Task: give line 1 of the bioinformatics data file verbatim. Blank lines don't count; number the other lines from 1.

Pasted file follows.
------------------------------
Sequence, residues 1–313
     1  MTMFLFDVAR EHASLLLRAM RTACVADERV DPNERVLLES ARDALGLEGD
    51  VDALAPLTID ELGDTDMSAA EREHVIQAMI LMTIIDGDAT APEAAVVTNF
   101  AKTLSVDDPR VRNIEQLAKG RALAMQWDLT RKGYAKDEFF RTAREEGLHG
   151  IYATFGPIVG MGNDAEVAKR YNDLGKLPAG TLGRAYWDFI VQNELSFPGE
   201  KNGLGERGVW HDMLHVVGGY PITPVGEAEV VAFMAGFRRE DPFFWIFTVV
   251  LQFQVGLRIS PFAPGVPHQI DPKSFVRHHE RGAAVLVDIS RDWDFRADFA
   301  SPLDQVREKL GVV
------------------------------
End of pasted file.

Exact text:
Sequence, residues 1–313